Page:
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IT Project Management Certification

Qualifications & Requirements

The reason that the government supports Project Management Certification is that there is a need for all Project Management Professionals to work consistently, use common terminology, and apply the methods of Project Management in a common way.  Certification insures that the Project Manager who is certified is knowledgeable about the Project Management Body of Knowledge and can apply it successfully.

The following are a number of the various regulations governing Project Management and the Certification process:

OMB Requirement
The Office of Management and Budget (OMB), in a continuing effort to strengthen accountability for information technology (IT) expenditures, stated in the FY 2004 pass back that beginning in FY 2004, IT projects must be managed by a qualified project manager (PM) or risk loss of funding.

In July 2004, the Federal CIO Council developed the Federal IT Project Manager Guidance, referred to in the FY 2005 Budget Passback, that required by September 30, 2004, all major projects will be managed by project managers qualified in accordance with CIO Council guidance.

Beginning in BY 2007, the Exhibit 53 has a field associated with every investment that requires submitters to provide the IT Project Management Qualification Status, as issued in OMB Project Management Guidance (M-04-19). Exhibit 53 investments are also required to have Qualified Project Managers.  The IT PM Qualification process was updated to include the requirements for non-major Exhibit 53s.

Initial Planning
Because OMB did not initially define “qualified” in their requirement, DOE went on the hypothesis that each agency could have their own definition of  “qualified” and setup their individual tailored programs.  DOE established an internal team to discuss and research project management certification initiatives and services provided  by  NASA, USDA, DOJ, HUD, GSA (STAR program), OPM, Federal CIO Council, Project Management Institute (PMI), ESI International, National Defense University, George Washington University, Management Concepts, and American University.

The team also met with the Project Management Career Development Program (PMCDP) Team.  The PMCDP team was formed after the Secretary tasked the Office of Engineering and Construction Management, ME-90, with developing a program to increase the quality/capabilities of the Department’s Project Managers.  The PMCDP’s focus is construction and engineering.  The PMCDP team was helpful in identifying the concepts of levels of PMs, general courses and experiences required.  Meetings were also conducted with the CFO’s office where it was agreed that the CIO should leverage the PMCDP program.  The CFO’s office representative agreed to fund courses needed in FY 2003 and FY2004.  Congress instructed that starting in FY2004 the PMCDP funding should fall under the Working Capital Fund.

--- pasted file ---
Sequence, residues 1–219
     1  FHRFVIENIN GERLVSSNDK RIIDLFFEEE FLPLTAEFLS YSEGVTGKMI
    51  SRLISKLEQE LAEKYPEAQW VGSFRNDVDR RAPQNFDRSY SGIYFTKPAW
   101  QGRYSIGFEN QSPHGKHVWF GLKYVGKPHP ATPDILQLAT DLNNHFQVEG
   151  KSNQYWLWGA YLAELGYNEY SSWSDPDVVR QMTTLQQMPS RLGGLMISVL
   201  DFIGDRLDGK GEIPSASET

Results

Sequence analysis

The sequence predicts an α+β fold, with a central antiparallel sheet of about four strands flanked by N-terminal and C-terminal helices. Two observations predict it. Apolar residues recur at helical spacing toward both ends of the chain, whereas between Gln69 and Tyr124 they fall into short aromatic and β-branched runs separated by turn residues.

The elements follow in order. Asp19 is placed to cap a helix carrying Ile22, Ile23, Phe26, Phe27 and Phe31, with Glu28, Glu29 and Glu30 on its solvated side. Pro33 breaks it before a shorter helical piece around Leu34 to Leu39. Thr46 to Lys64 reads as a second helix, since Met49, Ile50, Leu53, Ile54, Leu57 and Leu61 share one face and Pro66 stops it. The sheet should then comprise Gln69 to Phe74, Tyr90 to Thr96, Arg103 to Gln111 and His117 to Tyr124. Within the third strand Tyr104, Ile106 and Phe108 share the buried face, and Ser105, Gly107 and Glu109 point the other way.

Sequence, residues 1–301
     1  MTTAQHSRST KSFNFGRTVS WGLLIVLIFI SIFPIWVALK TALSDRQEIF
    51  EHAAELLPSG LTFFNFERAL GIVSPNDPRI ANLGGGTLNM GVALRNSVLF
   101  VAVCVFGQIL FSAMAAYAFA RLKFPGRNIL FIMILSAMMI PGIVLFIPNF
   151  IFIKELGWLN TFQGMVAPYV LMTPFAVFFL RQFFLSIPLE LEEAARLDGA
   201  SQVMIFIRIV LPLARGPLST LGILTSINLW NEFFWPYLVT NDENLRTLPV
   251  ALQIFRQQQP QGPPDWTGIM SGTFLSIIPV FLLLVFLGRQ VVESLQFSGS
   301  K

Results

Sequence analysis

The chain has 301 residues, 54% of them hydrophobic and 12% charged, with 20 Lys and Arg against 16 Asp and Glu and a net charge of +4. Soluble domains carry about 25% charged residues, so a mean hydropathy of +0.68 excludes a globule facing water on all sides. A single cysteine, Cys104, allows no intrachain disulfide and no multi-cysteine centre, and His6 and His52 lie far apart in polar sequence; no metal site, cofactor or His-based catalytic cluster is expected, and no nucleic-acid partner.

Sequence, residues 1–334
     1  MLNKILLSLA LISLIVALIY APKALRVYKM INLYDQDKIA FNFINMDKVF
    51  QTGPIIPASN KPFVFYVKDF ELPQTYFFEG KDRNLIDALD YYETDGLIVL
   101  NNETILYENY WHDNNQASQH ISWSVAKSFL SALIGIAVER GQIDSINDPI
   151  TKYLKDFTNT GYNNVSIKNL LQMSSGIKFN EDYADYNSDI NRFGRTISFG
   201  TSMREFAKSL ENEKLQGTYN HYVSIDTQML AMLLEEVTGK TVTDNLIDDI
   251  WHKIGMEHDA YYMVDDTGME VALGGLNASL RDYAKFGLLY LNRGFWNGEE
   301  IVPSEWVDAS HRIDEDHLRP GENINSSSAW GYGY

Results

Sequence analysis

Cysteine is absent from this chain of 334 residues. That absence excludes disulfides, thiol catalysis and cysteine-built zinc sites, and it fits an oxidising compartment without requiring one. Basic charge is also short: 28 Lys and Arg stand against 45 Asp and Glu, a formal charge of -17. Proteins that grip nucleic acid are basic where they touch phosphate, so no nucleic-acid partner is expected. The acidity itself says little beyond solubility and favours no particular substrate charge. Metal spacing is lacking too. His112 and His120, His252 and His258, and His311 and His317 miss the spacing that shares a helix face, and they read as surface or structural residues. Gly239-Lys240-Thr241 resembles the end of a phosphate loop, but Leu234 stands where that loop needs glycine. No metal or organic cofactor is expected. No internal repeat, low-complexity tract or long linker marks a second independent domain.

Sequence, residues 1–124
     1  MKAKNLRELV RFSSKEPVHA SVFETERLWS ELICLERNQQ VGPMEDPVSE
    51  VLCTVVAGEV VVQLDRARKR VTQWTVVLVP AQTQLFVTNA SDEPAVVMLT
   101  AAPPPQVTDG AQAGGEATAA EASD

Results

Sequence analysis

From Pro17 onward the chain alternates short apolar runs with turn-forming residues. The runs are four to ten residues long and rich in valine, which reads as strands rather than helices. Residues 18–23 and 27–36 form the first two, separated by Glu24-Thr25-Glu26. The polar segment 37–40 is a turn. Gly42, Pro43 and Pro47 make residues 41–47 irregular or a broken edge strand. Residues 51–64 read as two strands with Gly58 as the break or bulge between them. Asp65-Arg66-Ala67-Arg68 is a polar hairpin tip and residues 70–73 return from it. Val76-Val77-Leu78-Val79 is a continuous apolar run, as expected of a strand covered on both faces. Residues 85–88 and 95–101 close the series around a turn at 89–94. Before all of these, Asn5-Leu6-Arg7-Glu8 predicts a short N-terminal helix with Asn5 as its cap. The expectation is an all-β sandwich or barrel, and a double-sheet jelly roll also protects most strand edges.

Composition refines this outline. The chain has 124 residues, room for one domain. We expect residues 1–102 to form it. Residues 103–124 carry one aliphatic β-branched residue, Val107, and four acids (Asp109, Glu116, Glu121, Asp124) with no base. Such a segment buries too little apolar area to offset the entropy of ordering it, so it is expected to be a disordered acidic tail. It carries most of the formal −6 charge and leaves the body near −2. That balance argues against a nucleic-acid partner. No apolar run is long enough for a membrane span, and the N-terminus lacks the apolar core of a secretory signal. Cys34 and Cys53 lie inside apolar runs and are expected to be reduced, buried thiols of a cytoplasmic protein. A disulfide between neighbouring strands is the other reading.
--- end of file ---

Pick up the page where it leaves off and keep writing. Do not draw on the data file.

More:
Leveraging the PMCDP
To meet the OMB requirements, the Office of the CIO partnered with the Office of Engineering and Construction Management (ME-90) in its efforts to establish a qualification process similar to the Project Management Career Development Program (PMCDP) but specifically responsive to IT requirements.  The PMCDP program, based upon the core competencies of the PMI, builds core project management skills to be leveraged in various functional areas across DOE.  The governance for the qualification process will expand upon existing IT capital planning and investment control policy and procedures within the CIO's office.

Alignment with the Federal CIO Council Guidelines for IT Project Managers
The DOE IT Council reviewed the DOE IT Project Management Certification Plan to align with the Federal CIO Council IT Project Manager Guidance.  The DOE IT PM Certification process was already closely aligned with the Federal CIOC guidelines; however, several recommendations were accepted to more closely align to OMB requirements.  The IT Council adopted the recommendation to change from a certification process to a qualification process.

Through an ongoing effort to strengthen the caliber of DOE’s qualified IT PMs, the IT PM qualification process has been modified to include Earned Value Management Systems (EVMS) training at DOE’s qualification Level 1 instead of at Level 2.  EVMS has been deemed to be a critical component of the basic IT project management skill set and the Department is focused on integrating the principles of EVMS with its management of major IT investments.  The IT Council, acting as the governing body for the IT PM Qualification Process, agreed with the recommendation that DOE IT Project Managers previously certified at Level 1 without EVMS training be required to complete EVMS training by September 30, 2005 to maintain Level 1 Qualification.  DOE’s OCIO developed a plan of action to work through the DOE IT Council to continue to modify the DOE IT PM Qualification process to further align it with the CIOC guidelines.

System Categorization  
As PMs are identified by the submission of Exhibit 300’s, their qualification level is determined by the system categorization.  The identified systems were categorized either Level 1, 2 or 3 depending upon the criteria:  Level 1 are division, bureau or agency projects and/or project costs up to $20M; where as Level 2 are those cross-cutting projects or agency-wide system integration projects across the Department and/or project costs up to $100M.  Level 3 are large, inter-governmental or government-wide complex, high risk IT projects (e.g., E-Government, mission critical functions, or high interest projects) and/or project costs greater than $100M.

  • For Exhibit 53 submissions classified as non-major IT Systems, there is one level of PM Qualification. 
  • For Exhibit 53 submissions classified as major IT Systems, the 3 Levels of the Exhibit 300 IT PM Qualification requirements apply.